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Quick Static Equilibrium Questions

  1. Apr 4, 2013 #1
    1. The problem statement, all variables and given/known data

    A horizontal beam of weight W is supported by a hinge and cable as shown. The force exerted
    on the beam by the hinge has a vertical component that must be:
    2yy4jsg.jpg

    Answer is nonzero and up.

    The pull P is just sufficient to keep the 14-N block and the weightless pulleys in equilibrium
    as shown. The magnitude T of the tension force of the upper cable is:
    v475kw.jpg

    Answer is 16 N.

    2. Relevant equations

    1. τ=r x F
    W=mg
    F=ma
    Tsin(θ)=mg

    2. T=mg+P

    3. The attempt at a solution

    1. Not quite sure why the answer for this one is nonzero and up. Shouldn't the cable already have a tension force in the y direction that cancels out the weight of the beam? Then the only force that the hinge needs to exert is in the positive x direction to counteract the tension in the y-direction. Can someone shed some light on this one?

    2. I'm having a bit of trouble setting up a free-body diagram for this one, but I do know that pulleys reduce the required pulling force by a factor of 2, and since there are three pulleys it reduces the pulling force by a factor of 8. 14/8 is 1.75, which using T=mg+P equals 15.75N for T, or 16 N. Is this logic even correct? And if so, could someone help me set up the FBD so I can prove my logic?
     
  2. jcsd
  3. Apr 4, 2013 #2

    Doc Al

    User Avatar

    Staff: Mentor

    Consider torques about the point where the cable attaches to the beam.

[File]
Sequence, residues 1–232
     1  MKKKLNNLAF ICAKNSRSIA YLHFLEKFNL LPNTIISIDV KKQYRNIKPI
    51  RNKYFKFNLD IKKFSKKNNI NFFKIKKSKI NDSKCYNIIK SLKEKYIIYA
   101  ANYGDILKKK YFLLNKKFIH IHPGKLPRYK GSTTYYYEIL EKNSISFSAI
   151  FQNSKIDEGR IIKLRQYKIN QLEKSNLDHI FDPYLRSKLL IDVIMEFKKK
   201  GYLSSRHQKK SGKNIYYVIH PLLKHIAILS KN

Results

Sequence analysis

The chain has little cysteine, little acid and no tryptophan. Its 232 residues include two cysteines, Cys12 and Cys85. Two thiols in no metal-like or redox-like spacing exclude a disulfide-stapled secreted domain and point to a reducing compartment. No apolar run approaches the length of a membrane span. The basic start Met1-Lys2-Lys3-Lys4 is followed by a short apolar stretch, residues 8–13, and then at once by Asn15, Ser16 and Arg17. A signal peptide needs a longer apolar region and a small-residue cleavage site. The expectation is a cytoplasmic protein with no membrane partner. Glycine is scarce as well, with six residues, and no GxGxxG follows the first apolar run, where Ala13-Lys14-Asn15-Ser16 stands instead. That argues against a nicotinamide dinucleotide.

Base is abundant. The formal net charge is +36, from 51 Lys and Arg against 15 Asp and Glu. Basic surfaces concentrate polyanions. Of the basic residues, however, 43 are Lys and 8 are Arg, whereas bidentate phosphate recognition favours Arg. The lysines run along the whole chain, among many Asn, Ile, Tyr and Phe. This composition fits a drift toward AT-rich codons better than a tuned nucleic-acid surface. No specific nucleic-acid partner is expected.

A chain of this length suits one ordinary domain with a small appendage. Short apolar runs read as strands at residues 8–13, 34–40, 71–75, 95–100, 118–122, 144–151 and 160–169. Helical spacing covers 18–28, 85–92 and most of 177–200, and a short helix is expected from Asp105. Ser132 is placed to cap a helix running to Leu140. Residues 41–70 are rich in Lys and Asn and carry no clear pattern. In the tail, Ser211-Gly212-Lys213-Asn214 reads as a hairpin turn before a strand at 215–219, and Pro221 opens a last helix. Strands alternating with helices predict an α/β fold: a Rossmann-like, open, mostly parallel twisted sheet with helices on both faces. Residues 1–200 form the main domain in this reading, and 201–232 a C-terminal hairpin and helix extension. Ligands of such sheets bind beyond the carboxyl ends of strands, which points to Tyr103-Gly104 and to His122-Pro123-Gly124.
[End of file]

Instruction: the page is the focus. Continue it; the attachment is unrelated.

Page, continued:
Just work your way through each pulley, starting with the one at the bottom. If the tension in that pulley's rope is P, what must be the tension in the rope above it? And so on. Then you can solve for P and use it to answer the question. (Draw free body diagrams for each pulley and for the block.)
     
  4. Apr 4, 2013 #3
    Oh, understand the first one now, thanks!

    10oog8i.jpg
    I'm not sure if I got it. P+42/3=14N, thus P=2. T=14+P=16N, which is right, but then the top string has two different tensions. What did I do wrong?
     
  5. Apr 4, 2013 #4

    mukundpa

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    Homework Helper

    I think as the pulleys are considered friction-less the tension in the string over it will remains same everywhere. If it is P on the right side part of the string it will be P on the left side as well. If we consider equilibrium of lowest mass less pulley, what should be the tension in the string over the middle pulley? (tensions in the three strings will not be same)
     
  6. Apr 4, 2013 #5

    Doc Al

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    Staff: Mentor

    For one thing, you seem to have assumed that the three ropes attached to the block have the same tension. Do not assume any such thing.

    Start with the bottom pulley. Since the tension is P, the rightmost rope attached to the block must have tension P. Then keep going until you've analyzed all the pulleys and the block.
     
  7. Apr 4, 2013 #6
    Hm, well if that's the case, then the tension in the string over the middle pulley is 2P, and the tension in the string over the top pulley is 4P. So together the tensions equal 4P+2P+P=7P, which has to balance out the 14N weight. So P=2. And since the tension in the top string equals 14+P, the tension is 16N?
     
  8. Apr 4, 2013 #7

    Doc Al

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    Staff: Mentor

    You got it! :approve:

    I would say that the tension in the top string must equal 8P = 16N, since the string through the top pulley has a tension of 4P.
     
  9. Apr 4, 2013 #8
    Awesome! Thanks, both of you!
     
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